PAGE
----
Tuesday, March 24, 2009

A sturdy but grim “Six Degrees of Separation” by Falcon’s Eye

From left: Dennis Beck, Anthony M. Person, Bonnie Antonini. Photo courtesy of Falcon's Eye Theatre.
“Six Degrees of Separation” made its Broadway debut in 1990, promptly winning a bouquet of awards for its quirky playwright, John Guare, and its sensational production. One of the play’s peculiarities is that it’s a literal dramatization of a real-life story but with the names of the characters changed.

The real-life yarn revolves around David Hampton, a young African-American and Harvard graduate who posed as the son of Sidney Poitier. As a con artist he wormed his way into upper-crust New York society. After a short term in prison for bilking his victims, Hampton, with appalling effrontery, sued Guare for a cut from profits of the play based on Hampton’s escapades but lost the case.

For Guare art carries a tension between imagination and the real world. "Does the playwright elect to keep that kitchen sink to soothe the audience? Does the playwright dismantle the kitchen sink and take the audience into dangerous terrain?” he asks. “How the playwright resolves this tension between surface reality and inner reality, how the playwright restores the theater to its true nature as a place of poetry, song, joy, a place of darkness where the bright truth is told, that war against the kitchen sink is ultimately the history of our theater."

In “Six Degrees of Separation” he finds a way to resolve the conflict, uniting imagination and kitchen sink. The title of the play is taken from a controversial formula that tells us how each of us, through six people of our acquaintance, is connected to everybody else in the world. In the play Ouisa Kittredge, the matronly wife of Flanders Kittredge, a New York art dealer, finds the formula “extremely comforting, that we're so close, but I also find it like Chinese water torture that we're so close because you have to find the right six people to make the connection.”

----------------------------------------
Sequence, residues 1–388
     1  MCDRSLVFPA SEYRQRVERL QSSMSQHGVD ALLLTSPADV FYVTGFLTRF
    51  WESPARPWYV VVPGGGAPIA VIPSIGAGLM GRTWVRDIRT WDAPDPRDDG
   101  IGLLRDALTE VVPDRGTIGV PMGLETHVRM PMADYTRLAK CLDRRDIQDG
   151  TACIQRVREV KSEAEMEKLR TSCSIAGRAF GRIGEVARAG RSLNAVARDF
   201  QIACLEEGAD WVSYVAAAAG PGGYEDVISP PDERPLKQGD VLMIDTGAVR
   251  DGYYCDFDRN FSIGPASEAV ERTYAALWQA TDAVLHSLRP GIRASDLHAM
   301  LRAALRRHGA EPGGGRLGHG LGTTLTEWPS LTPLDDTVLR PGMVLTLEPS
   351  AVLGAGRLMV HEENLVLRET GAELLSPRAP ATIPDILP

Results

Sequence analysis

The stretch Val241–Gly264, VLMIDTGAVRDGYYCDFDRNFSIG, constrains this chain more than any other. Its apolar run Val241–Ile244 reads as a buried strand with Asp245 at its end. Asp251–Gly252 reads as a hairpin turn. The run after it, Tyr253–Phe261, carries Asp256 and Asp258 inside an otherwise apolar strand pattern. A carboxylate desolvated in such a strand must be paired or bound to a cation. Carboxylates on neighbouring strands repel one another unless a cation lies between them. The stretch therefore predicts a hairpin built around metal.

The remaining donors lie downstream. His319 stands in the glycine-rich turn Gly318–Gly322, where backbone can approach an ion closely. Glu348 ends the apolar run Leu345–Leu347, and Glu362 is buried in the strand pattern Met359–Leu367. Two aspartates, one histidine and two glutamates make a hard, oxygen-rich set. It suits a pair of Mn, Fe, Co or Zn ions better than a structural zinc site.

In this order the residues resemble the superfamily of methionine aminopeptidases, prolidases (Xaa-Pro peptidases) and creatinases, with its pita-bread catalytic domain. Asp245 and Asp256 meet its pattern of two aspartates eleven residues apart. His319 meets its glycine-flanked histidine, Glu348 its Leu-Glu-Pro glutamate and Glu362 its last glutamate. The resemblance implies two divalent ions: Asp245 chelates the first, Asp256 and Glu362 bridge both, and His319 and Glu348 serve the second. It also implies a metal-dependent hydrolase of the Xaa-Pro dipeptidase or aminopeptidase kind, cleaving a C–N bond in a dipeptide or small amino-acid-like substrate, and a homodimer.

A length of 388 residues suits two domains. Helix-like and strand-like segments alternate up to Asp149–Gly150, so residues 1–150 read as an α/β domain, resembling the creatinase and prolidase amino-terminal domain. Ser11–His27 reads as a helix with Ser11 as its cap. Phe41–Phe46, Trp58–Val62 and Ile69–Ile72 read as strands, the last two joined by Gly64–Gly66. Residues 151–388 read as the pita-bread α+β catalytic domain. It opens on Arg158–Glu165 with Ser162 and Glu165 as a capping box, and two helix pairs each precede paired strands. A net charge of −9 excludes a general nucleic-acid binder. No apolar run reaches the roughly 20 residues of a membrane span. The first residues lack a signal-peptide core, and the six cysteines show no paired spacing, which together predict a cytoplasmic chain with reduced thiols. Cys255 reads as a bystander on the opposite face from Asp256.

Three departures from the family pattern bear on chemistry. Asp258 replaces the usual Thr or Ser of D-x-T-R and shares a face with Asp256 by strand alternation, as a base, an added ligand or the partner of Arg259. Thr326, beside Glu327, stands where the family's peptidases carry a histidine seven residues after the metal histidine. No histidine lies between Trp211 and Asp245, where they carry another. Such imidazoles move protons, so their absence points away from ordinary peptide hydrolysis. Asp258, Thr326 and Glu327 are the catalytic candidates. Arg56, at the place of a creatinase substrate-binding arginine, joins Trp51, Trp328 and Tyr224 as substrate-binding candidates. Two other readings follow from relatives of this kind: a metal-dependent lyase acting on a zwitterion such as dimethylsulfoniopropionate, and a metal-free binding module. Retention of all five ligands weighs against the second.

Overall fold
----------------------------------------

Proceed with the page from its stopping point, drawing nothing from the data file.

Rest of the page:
In the original production Stockard Channing played Ouisa, and reports indicate that she was very funny as the pretentious wife of a successful art dealer, and as the foil of Paul, the canny black con artist who turns out, in the end and after a brief spell in jail, to be a kind of poor man’s messiah. Ultimately she defies her husband and welcomes Paul back into their home.

In the current production she’s played by the skillful and experienced Bonnie Antonini, but the character interpretation is straightforward rather than comic. Thus Ouisa’s late epiphany, as interpreted in the current production and apparently endorsed by Director David Harris, seems unmotivated and meaningless.

Harris–producer of Falcon’s Eye Theatre of Folsom Lake College, where he’s an assistant professor–has assembled a high-level cast of 17 on the spare stage at Vista del Lago High School, pending construction of the college’s theater. Despite the ponderous interpretation we get a fast-paced drama with crisp delivery. Anthony M. Person is Paul, Dennis Beck is Flanders, with Brent Bianchini and Amanda Bremer as a pair of ill-fated lovers. A comic Dr. Fine (Kevin Cooper) brings a brief touch of levity to the proceedings.

(The play, incidentally, may be a treasure chest of insider jokes. Because Paul/Hampton attended Harvard, the name “Kittredge” may be a sly allusion to the late George Lyman Kittredge, the university’s distinguished Shakespearean scholar. When asked why he’d never earned a doctorate, Kittredge famously answered, “Who would test me?”)

“Six Degrees of Separation” continues through April 5 in the new Studio Theatre at Vista del Lago High School, 1970 Broadstone Parkway, Folsom. Performances are Friday and Saturday at 8 p.m., Sunday at 2 p.m. Tickets are $15 general, $10 students and seniors. Call (916) 608-6800 for reservations.

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